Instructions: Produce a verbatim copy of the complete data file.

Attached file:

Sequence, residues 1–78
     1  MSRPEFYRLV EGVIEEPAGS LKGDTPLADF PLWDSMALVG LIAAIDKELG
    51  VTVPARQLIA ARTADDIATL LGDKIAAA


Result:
Sequence, residues 1–78
     1  MSRPEFYRLV EGVIEEPAGS LKGDTPLADF PLWDSMALVG LIAAIDKELG
    51  VTVPARQLIA ARTADDIATL LGDKIAAA